As stagemanagement said though I would be seriously considering what friendship is in the future. A friend may not put food on the table even if they should be considering it.



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I don't comment on here that often, but I think in cases like this it’s important for people to learn good and bad ways of doing things. We started small and are now a good sized company with good growth over the last few years and I can assure you what’s happened to you happens alot.


You have tendered for work, got a verbal go ahead and then been let down. As I see it, without a purchase order from them you won’t be seeing much money, your time fighting them for the money could be better spent by wiping them off your list and putting yourself out there for more work.


Also don’t see it as time wasted. Firstly you have learnt that you don't have friends when it comes down to putting food on the table, and also you have learnt about contracts. (These lessons you have learnt at the cost of a weeks lost work, some folk learn them at the cost of a small house.)


Sometimes contracts can seem awkward to setup if you have a good relationship with someone, but the only people who will not want to sign one, are the ones who would shaft you and allow others in at the last minute.


I would also say that you should extend the lesson you have learnt and ask for a proportion of your fee in advance. If you are paying deposits, crew and various other costs, the last thing you want is no money at all after the gig. We have been stitched up by bankrupt companies and dodgy promoters, but never end up very out of pocket, as we cover any real costs in our deposits.


When we phone alot of companies asking for prices on things and they often want to know if we have received quotes elsewhere, and if they can see them (which they can’t). This happens, my advice would be get used to it, don't get hung up on each job thinking its going to be the one that makes you rich (although its often hard not to get a bit excited about good sized jobs), and never spend lots of time on jobs that wont pay deposits or sign contracts.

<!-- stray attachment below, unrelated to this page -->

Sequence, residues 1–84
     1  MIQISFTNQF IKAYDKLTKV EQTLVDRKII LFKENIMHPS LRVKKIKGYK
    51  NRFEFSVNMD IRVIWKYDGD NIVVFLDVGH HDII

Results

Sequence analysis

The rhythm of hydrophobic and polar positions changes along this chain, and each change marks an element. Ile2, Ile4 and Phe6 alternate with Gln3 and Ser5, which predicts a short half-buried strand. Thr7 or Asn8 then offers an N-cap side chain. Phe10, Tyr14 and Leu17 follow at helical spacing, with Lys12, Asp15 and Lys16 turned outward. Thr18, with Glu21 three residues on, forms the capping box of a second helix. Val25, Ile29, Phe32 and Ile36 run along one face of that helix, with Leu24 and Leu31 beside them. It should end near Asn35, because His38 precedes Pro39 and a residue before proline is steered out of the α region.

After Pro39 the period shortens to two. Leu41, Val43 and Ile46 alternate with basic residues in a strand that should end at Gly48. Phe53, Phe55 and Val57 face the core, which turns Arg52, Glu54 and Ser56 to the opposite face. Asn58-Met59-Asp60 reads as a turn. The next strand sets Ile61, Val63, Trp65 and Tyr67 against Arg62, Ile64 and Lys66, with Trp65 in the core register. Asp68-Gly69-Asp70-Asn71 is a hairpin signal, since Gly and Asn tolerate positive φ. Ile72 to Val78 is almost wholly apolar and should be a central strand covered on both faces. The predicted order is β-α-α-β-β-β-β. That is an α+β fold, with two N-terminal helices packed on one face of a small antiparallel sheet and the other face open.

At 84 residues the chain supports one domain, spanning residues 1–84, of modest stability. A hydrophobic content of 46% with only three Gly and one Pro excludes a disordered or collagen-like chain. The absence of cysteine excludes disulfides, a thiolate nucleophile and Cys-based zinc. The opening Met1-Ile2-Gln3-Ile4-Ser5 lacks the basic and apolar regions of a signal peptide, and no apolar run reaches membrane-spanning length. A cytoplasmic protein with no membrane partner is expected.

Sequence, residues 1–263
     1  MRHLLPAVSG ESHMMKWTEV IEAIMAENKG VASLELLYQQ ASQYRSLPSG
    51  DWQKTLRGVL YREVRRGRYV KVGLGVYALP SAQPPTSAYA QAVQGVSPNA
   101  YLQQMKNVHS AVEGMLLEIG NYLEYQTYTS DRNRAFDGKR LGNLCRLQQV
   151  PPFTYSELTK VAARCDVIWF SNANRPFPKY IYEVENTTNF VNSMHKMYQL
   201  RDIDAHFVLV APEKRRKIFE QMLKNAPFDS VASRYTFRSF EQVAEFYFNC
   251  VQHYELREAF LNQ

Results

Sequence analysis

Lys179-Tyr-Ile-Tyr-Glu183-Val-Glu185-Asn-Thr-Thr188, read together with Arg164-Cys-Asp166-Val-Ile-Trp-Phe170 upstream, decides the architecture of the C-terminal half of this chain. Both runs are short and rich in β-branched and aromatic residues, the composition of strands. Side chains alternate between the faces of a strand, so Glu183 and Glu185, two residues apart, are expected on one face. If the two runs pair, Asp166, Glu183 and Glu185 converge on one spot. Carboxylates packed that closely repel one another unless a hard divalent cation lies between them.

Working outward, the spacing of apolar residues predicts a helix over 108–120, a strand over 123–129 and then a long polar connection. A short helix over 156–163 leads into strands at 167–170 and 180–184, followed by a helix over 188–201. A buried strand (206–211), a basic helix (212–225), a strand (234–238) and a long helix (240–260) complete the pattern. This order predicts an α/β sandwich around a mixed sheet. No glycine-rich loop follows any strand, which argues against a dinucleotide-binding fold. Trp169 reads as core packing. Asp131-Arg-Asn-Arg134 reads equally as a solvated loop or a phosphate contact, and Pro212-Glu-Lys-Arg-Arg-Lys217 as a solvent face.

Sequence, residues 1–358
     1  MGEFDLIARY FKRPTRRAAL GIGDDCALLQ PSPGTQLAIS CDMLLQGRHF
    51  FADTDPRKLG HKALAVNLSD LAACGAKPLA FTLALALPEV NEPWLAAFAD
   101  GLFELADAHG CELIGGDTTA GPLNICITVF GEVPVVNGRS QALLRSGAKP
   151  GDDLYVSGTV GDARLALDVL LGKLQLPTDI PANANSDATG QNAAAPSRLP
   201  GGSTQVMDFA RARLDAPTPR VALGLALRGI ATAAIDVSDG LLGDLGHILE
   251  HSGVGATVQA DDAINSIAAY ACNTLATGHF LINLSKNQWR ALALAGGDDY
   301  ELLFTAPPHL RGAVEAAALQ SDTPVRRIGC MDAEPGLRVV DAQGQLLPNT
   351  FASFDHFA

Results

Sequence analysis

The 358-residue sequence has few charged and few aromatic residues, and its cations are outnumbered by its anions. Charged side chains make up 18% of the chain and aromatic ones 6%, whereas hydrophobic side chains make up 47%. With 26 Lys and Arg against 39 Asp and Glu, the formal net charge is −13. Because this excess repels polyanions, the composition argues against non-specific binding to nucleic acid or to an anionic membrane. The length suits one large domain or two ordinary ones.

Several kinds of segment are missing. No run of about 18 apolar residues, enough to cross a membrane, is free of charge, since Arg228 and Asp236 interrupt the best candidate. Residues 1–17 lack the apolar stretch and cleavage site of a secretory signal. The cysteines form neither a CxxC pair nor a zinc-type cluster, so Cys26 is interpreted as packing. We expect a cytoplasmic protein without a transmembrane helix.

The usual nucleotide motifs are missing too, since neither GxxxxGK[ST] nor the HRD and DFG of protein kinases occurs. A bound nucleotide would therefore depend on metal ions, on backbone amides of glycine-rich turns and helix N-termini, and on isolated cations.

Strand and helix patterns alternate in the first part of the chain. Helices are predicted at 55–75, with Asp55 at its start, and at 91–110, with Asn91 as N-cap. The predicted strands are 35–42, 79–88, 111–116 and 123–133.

Whatever else happens, always pay your crew a good wage, on time and as agreed. Even if it puts you at a loss, that’s your mistake not theirs.


Hope that helps some.

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I would just like to say I completely agree with the above. The most important thing anybody who owns a business has to do is pay there staff on time and the right amount because theres no way quicker to much your business up, then by no one wanting to work for you and there for not be able to run the business.
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Despite the bad taste it leaves in your mouth, in reality you had done no more work than often happens to assess a job and quote it properly. The cancellation did not affect the work to that point for most people. If you are out of pocket, fine bill them for hire cancellations, or if you turned down a paid job for the same time period, and cannot now refill the week, yes they get billed. Otherwise move on with your life.